I'm squeezing one last post out of the the wet tea towel of that Sunday Mirror article. This time looking at an overview of the averages per region.
When it comes to gravity, it's almost the reverse. With the North and Scotland having the lowest average, London and the Southwest the highest. Just as a reminder, the overall average OG in 1978 was 1037.6º.* Well below the London average. But this doesn't mean that the beer being drunk in London was well above the average. I've given equal weight to the Ordinary and Special Bitters, even though far more of the former was drunk than the latter.
One of the reasons for the differences in the averages is that few Special Bitters were brewed in the North. While they were much more common in the South, particularly in London.
The rate of attenuation is pretty high, overall. Averaging out at very close of 80% overall. The only one which is a bit lower is London, at 77%. Still not that shabby.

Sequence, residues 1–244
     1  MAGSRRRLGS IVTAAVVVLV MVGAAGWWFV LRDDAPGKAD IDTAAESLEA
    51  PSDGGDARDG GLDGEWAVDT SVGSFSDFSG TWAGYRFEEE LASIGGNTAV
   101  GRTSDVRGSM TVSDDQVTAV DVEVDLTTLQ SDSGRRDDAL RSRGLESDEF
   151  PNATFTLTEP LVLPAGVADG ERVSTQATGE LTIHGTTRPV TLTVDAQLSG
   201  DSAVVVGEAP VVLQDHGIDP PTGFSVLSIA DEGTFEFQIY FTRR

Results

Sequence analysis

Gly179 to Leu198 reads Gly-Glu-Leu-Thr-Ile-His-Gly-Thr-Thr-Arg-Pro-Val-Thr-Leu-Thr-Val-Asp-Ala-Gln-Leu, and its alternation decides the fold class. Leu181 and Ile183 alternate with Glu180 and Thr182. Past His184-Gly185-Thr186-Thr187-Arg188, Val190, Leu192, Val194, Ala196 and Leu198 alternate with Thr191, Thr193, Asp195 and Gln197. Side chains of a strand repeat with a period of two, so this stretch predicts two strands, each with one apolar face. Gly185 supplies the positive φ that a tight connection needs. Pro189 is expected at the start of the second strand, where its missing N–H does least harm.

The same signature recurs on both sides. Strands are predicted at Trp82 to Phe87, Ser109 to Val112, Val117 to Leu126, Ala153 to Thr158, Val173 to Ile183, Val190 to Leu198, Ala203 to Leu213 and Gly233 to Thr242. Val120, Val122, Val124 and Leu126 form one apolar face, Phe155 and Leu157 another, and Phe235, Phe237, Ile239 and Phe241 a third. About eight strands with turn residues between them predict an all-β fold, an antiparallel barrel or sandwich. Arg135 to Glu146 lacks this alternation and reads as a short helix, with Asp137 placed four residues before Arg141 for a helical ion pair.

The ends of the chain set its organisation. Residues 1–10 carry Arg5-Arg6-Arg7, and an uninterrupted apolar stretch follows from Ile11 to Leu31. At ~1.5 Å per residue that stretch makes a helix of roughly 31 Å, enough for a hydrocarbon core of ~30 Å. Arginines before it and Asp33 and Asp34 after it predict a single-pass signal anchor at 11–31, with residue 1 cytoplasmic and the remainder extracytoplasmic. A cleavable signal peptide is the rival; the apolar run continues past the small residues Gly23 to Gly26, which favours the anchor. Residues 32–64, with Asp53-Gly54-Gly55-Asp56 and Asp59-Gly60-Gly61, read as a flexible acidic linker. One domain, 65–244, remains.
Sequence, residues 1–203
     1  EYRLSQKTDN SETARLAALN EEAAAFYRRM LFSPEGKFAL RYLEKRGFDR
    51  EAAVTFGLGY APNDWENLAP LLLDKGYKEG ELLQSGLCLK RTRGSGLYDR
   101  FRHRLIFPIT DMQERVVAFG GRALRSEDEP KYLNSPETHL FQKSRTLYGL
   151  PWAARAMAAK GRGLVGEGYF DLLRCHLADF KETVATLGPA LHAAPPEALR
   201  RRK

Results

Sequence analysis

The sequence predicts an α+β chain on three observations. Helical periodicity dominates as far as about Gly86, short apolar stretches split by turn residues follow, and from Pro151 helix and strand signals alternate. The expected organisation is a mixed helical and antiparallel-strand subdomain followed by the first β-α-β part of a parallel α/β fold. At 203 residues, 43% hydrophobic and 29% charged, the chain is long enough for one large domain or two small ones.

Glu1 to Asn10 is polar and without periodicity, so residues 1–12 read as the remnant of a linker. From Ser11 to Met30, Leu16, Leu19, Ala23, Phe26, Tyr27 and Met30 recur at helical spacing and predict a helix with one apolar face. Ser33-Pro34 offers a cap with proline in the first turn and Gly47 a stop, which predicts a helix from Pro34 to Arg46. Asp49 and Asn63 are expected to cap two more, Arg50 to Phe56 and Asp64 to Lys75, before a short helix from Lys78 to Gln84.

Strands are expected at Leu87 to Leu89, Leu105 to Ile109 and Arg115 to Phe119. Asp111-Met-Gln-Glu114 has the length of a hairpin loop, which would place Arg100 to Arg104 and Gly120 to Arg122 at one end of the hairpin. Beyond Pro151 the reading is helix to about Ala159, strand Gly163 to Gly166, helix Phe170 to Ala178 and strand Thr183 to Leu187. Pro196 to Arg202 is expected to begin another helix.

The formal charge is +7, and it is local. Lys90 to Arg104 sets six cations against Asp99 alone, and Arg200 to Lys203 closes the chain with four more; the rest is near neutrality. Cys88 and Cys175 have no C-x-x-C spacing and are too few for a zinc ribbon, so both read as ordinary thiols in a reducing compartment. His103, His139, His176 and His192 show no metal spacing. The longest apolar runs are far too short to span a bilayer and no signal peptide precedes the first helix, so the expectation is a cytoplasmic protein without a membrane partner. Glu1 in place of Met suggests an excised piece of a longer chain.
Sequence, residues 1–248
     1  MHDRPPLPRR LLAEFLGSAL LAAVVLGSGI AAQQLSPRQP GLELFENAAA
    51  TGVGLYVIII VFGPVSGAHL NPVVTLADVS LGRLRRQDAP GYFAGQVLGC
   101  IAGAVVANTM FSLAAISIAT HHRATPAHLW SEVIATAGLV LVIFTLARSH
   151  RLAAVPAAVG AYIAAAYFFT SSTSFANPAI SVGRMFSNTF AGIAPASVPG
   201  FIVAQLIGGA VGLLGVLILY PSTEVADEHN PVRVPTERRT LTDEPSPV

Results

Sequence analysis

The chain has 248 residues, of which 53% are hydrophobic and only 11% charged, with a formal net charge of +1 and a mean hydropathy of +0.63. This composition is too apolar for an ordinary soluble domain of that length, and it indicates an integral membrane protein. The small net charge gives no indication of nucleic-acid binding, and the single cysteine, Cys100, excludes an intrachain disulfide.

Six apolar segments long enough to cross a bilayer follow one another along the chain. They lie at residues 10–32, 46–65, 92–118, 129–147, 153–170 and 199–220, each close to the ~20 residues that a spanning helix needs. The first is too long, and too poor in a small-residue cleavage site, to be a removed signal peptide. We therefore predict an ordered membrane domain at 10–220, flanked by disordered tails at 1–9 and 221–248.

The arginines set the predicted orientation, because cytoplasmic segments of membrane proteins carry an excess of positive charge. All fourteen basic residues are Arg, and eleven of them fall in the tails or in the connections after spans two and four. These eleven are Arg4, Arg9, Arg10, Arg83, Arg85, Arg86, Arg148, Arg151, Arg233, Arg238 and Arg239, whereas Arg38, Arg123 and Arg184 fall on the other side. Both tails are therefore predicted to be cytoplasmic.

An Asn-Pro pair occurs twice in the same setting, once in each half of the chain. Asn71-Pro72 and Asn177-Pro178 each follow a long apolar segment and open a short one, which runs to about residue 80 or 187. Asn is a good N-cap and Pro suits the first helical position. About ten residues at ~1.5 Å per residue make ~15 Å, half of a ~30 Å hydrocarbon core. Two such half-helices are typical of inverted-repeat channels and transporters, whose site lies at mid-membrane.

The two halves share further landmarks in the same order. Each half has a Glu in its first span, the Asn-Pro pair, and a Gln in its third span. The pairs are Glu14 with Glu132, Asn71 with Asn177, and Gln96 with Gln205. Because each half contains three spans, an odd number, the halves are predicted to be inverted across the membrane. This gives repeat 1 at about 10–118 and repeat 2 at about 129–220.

There's not a huge difference in the average quality scores. With Scotland the lowest at 9 and London and the Southwest the highest at 9.5.
What has all this taught us? I'm not really sure. Other than that the further South you went, the more you would pay for beer. Exactly the same as today, really.
|Bitters by region in 1978|
|region||Price||º gravity per p||% ABV per p||OG||FG||ABV||App. Atten-uation||score|
|Sunday Mirror - Sunday 17 September 1978, pages 22 - 23.|